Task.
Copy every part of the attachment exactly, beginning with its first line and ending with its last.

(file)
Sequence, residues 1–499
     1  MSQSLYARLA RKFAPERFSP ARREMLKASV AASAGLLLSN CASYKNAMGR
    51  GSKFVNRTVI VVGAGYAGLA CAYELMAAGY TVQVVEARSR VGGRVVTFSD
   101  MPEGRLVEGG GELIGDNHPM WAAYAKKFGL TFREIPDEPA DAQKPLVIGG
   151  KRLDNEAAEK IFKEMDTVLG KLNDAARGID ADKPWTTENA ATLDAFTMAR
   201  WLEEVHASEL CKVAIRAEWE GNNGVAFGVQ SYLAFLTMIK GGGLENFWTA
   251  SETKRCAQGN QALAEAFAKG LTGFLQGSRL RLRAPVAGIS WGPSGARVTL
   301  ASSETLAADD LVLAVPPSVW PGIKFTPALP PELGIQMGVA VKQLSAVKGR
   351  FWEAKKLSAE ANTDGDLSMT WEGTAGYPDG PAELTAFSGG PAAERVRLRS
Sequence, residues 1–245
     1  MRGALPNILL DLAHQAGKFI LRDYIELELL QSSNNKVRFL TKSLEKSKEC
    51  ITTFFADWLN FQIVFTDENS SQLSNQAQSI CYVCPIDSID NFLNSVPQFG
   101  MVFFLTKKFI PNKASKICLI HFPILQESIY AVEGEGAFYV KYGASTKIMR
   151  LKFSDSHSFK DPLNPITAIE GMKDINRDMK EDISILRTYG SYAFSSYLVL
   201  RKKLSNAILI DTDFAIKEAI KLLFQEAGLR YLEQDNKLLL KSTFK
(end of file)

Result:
Sequence, residues 1–499
     1  MSQSLYARLA RKFAPERFSP ARREMLKASV AASAGLLLSN CASYKNAMGR
    51  GSKFVNRTVI VVGAGYAGLA CAYELMAAGY TVQVVEARSR VGGRVVTFSD
   101  MPEGRLVEGG GELIGDNHPM WAAYAKKFGL TFREIPDEPA DAQKPLVIGG
   151  KRLDNEAAEK IFKEMDTVLG KLNDAARGID ADKPWTTENA ATLDAFTMAR
   201  WLEEVHASEL CKVAIRAEWE GNNGVAFGVQ SYLAFLTMIK GGGLENFWTA
   251  SETKRCAQGN QALAEAFAKG LTGFLQGSRL RLRAPVAGIS WGPSGARVTL
   301  ASSETLAADD LVLAVPPSVW PGIKFTPALP PELGIQMGVA VKQLSAVKGR
   351  FWEAKKLSAE ANTDGDLSMT WEGTAGYPDG PAELTAFSGG PAAERVRLRS
Sequence, residues 1–245
     1  MRGALPNILL DLAHQAGKFI LRDYIELELL QSSNNKVRFL TKSLEKSKEC
    51  ITTFFADWLN FQIVFTDENS SQLSNQAQSI CYVCPIDSID NFLNSVPQFG
   101  MVFFLTKKFI PNKASKICLI HFPILQESIY AVEGEGAFYV KYGASTKIMR
   151  LKFSDSHSFK DPLNPITAIE GMKDINRDMK EDISILRTYG SYAFSSYLVL
   201  RKKLSNAILI DTDFAIKEAI KLLFQEAGLR YLEQDNKLLL KSTFK